Reference > Anatomy of the Human Body > Page 540
Henry Gray (1825–1861).  Anatomy of the Human Body.  1918.
septum in which the foramen ovale is situated; shortly after birth it fuses with the primary septum and the foramen ovale is obliterated.
  The valve of the inferior vena cava serves to direct the blood from that vessel through the foramen ovale into the left atrium.
  The peculiarities in the arterial system of the fetus are the communication between the pulmonary artery and the aorta by means of the ductus arteriosus, and the continuation of the hypogastric arteries as the umbilical arteries to the placenta.
  The ductus arteriosus is a short tube, about 1.25 cm. in length at birth, and of the diameter of a goose-quill. In the early condition it forms the continuation of the pulmonary artery, and opens into the aorta, just beyond the origin of the left subclavian artery; and so conducts the greater amount of the blood from the right ventricle into the aorta. When the branches of the pulmonary artery have become larger relatively to the ductus arteriosus, the latter is chiefly connected to the left pulmonary artery.
  The hypogastric arteries run along the sides of the bladder and thence upward on the back of the anterior abdominal wall to the umbilicus; here they pass out of the abdomen and are continued as the umbilical arteries in the umbilical cord to the placenta. They convey the fetal blood to the placenta.
  The peculiarities in the venous system of the fetus are the communications established between the placenta and the liver and portal vein, through the umbilical vein; and between the umbilical vein and the inferior vena cava through the ductus venosus.

Fetal Circulation (Fig. 502).—The fetal blood is returned from the placenta to the fetus by the umbilical vein. This vein enters the abdomen at the umbilicus, and passes upward along the free margin of the falciform ligament of the liver to the under surface of that organ, where it gives off two or three branches, one of large size to the left lobe, and others to the lobus quadratus and lobus caudatus. At the porta hepatis (transverse fissure of the liver) it divides into two branches: of these, the larger is joined by the portal vein, and enters the right lobe; the smaller is continued upward, under the name of the ductus venosus, and joins the inferior vena cava. The blood, therefore, which traverses the umbilical vein, passes to the inferior vena cava in three different ways. A considerable quantity circulates through the liver with the portal venous blood, before entering the inferior vena cava by the hepatic veins; some enters the liver directly, and is carried to the inferior cava by the hepatic veins; the remainder passes directly into the inferior vena cava through the ductus venosus.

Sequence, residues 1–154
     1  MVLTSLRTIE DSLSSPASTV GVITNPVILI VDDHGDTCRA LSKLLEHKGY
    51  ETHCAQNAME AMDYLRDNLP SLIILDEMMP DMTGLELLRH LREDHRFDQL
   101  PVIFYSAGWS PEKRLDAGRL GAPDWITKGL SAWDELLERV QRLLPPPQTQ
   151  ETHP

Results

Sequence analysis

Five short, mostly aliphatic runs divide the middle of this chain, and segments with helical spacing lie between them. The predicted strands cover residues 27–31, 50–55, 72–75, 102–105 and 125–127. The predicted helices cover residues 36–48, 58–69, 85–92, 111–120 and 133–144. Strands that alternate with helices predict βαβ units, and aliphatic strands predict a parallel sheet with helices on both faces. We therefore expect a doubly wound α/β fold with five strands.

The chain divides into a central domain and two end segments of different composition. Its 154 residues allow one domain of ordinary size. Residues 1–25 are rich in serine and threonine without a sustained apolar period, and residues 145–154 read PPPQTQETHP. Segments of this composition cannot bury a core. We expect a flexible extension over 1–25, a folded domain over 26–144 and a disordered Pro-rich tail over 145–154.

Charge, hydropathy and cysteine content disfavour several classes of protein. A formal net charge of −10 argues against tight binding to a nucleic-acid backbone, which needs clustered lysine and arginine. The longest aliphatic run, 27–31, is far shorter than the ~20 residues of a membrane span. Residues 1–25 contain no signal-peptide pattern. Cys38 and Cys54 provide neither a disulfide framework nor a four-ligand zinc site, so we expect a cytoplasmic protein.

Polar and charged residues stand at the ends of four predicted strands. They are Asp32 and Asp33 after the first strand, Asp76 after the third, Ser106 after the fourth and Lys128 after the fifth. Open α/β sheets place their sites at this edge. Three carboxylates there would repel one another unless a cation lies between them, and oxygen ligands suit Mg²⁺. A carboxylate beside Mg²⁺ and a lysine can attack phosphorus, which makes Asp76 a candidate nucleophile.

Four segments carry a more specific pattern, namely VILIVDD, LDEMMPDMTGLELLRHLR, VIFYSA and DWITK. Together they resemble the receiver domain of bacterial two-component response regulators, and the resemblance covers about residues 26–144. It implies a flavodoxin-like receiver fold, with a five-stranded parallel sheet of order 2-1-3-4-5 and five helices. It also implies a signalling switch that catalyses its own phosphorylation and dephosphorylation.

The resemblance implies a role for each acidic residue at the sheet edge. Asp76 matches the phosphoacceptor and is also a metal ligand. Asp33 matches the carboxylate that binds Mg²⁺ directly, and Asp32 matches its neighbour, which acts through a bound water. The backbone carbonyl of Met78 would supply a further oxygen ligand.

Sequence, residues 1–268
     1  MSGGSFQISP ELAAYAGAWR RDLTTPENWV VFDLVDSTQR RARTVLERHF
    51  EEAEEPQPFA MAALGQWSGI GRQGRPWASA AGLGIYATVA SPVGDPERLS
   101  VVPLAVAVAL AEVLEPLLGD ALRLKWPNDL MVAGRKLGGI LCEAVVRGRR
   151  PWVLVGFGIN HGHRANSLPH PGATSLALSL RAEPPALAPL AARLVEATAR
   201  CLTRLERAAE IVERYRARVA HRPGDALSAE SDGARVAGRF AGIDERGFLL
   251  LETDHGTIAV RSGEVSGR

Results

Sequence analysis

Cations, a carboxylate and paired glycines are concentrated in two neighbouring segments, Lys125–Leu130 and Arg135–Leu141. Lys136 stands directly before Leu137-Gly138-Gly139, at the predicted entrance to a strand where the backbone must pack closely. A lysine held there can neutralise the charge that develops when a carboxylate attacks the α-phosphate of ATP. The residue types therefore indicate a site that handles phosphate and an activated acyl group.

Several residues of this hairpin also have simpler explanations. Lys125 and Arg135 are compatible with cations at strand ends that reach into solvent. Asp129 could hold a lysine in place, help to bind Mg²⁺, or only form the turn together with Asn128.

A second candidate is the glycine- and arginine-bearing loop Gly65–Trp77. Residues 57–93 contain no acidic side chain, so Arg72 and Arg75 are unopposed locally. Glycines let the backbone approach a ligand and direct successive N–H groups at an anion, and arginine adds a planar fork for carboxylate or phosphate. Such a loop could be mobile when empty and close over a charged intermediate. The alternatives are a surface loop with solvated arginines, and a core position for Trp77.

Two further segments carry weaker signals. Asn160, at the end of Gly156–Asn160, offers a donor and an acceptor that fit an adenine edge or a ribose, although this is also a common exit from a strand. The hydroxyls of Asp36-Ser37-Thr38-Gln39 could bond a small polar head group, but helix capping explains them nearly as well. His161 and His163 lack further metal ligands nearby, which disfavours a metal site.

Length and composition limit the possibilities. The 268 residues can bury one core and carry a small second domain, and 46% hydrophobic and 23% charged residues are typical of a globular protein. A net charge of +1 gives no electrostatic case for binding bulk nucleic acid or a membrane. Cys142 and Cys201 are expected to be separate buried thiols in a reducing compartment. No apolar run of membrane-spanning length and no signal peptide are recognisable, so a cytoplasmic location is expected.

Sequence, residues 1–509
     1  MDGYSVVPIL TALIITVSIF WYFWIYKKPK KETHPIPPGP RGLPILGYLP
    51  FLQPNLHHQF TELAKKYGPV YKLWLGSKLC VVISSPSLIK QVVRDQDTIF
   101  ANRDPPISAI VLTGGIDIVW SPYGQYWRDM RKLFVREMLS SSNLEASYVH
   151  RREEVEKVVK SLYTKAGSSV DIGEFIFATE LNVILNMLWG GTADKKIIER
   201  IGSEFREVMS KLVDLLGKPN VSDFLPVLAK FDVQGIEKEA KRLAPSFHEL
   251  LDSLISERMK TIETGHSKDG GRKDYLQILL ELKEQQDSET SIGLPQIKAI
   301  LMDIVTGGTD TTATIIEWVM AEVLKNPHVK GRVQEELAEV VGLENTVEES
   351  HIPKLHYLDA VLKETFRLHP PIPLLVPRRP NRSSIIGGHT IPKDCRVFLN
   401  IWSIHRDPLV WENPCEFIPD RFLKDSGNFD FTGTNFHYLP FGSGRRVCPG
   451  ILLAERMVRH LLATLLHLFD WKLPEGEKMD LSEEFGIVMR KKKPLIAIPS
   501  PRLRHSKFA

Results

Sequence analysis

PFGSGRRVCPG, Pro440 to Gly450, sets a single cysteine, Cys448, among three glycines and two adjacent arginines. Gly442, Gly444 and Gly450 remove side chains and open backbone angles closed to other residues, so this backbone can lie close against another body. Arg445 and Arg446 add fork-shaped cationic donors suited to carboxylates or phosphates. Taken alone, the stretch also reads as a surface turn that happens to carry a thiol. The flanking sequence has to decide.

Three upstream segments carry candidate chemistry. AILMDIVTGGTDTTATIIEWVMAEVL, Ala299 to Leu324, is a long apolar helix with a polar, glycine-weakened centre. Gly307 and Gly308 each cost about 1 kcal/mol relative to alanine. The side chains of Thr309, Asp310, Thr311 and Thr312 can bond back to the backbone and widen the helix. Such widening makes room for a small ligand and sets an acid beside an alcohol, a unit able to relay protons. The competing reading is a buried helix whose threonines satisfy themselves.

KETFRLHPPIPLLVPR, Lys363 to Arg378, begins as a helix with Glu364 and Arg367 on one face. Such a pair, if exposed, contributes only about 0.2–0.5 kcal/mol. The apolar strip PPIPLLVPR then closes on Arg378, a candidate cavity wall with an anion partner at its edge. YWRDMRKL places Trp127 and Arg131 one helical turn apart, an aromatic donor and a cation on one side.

In the inferior vena cava, the blood carried by the ductus venosus and hepatic veins becomes mixed with that returning from the lower extremities and abdominal wall. It enters the right atrium, and, guided by the valve of the inferior vena cava, passes through the formen ovale into the left atrium, where it mixes with a small quantity of blood returned from the lungs by the pulmonary veins. From the left atrium it passes into the left ventricle; and from the left ventricle into the aorta, by means of which it is distributed almost entirely to the head and upper extremities, a small quantity being probably carried into the descending aorta. From the head and upper extremities the blood is returned by the superior vena cava to the right atrium, where it mixes with a small portion of the blood from the inferior vena cava. From the right atrium it descends into the right ventricle, and thence passes into the pulmonary artery. The lungs of the fetus being inactive, only a small quantity of the blood of the pulmonary artery is distributed to them by the right and left pulmonary arteries, and returned by the pulmonary veins to the left atrium: the greater part passes through the ductus arteriosus into the aorta, where it mixes with a small quantity of the blood transmitted by the left ventricle into the aorta. Through this vessel it descends, and is in part distributed


Check out our other writing samples, like our resources on Evolution Essay, Chronicle of a Death Foretold Essay, Alzheimer Essay.

Shakespeare · Bible · Strunk · Anatomy · Nonfiction · Quotations · Reference · Fiction · Poetry
© 1993–2015 · [Top 150] · Subjects · Titles · Authors · World Lit.